Experiences with contraception among youth in Northern BC: Examining the impact of gender, place and culture

(April 2008 – March 2011; CIHR)

Principal Investigator: Judith Soon

Co-Investigator(s): Neil Hanlon; Joy Johnson; Mary-Ellen Kelm; Jean Shoveller

Despite public health efforts, pregnancy rates among teens in rural and northern British Columbia (BC) are 60% higher than the provincial average. Gender, place and culture help shape social interactions and structural conditions that put the sexual health of many youth at risk. Experiences with contraception are critical to youth’s sexual health and warrant further investigation, since many northern youth may be facing barriers to accessing and using contraception effectively.

This 2-year exploratory qualitative study worked to: (1) Describe the perspectives of youth in accessing and using contraception, and the perspectives of service providers working in the area of youth sexual health; (2) Investigate the ways that gender, place and culture concomitantly affect youth’s experiences with contraception; and (3) Develop recommendations to tailor and target contraception interventions intended for youth in northern BC. This study employed ethnographic fieldwork in Fort St. John and Vanderhoof, with 8 weeks of participant observation in each community. We conducted in-depth interviews with 30 English-speaking youth (ages 15 – 24) and 10 health and social service providers in each community. Using a purposive sampling strategy, we selected 15 female and 15 male youth with varied socio-cultural and economic backgrounds. We specifically sought to include sexually active heterosexual couples (interviewed separately to maintain privacy), men and women of aboriginal ancestry and youth with various experiences with contraception and pregnancy. We recruited health and social service providers following consultation with community stakeholders. Researchers worked closely with the Expert Advisory Committee, OPTions for Sexual Health, First Nations representatives, clinicians and study participants to launch community-specific clinical interventions to address contraception inequities.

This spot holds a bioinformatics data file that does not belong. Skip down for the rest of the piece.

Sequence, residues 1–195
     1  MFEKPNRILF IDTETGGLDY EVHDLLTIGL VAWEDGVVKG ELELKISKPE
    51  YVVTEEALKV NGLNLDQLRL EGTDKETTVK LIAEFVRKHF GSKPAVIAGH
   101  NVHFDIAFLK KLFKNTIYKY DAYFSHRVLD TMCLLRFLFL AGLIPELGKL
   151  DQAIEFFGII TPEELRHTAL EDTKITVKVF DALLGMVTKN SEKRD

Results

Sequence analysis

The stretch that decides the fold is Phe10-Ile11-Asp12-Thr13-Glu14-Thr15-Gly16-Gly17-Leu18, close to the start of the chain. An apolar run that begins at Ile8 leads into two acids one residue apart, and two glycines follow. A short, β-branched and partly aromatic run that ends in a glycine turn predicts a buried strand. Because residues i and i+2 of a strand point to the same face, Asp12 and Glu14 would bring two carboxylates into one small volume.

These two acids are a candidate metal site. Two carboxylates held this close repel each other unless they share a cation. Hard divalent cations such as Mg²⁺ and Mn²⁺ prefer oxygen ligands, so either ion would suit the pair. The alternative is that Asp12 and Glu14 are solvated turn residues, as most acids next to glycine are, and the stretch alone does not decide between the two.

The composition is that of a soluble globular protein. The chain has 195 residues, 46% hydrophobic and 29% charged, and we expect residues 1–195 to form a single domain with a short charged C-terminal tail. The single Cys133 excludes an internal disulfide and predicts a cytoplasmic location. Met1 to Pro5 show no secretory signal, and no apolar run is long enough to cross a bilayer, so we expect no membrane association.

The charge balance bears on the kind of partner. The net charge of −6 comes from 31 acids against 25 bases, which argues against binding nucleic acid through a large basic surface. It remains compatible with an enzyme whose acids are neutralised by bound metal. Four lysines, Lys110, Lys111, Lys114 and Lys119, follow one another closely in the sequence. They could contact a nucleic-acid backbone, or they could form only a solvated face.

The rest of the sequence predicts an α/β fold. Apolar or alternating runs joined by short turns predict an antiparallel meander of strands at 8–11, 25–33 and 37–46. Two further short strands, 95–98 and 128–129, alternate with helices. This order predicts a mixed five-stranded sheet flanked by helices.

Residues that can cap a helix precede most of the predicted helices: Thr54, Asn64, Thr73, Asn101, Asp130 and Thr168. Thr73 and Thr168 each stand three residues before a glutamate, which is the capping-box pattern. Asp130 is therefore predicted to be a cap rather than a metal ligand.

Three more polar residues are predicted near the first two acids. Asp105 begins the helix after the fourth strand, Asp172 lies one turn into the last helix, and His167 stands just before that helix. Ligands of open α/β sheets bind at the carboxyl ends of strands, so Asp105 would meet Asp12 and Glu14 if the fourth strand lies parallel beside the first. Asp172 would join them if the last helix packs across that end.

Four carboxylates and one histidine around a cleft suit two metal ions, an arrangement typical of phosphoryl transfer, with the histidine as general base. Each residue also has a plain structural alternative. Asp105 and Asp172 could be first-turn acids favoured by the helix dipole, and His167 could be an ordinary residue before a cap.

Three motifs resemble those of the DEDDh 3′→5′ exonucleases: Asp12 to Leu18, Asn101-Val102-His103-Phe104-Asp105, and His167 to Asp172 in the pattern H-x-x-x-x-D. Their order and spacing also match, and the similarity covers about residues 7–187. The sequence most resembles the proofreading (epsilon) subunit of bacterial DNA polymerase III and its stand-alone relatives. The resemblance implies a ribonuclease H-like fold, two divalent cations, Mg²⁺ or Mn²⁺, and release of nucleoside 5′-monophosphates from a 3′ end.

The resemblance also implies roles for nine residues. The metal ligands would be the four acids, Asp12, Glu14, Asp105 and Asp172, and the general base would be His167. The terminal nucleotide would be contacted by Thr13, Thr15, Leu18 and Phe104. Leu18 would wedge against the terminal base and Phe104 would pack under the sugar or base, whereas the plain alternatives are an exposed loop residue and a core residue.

Total: $181,734

Outcomes from this project are detailed in the following articles and reports:

Soon, J. A., Shoveller, J. A., Johnson, J. L., Kelm, M. E., & Hanlon, N. (2009). Youth’s Perspectives on Birth Control in Fort St. James, BC: Community Report for Service Providers. Vancouver: Self-published.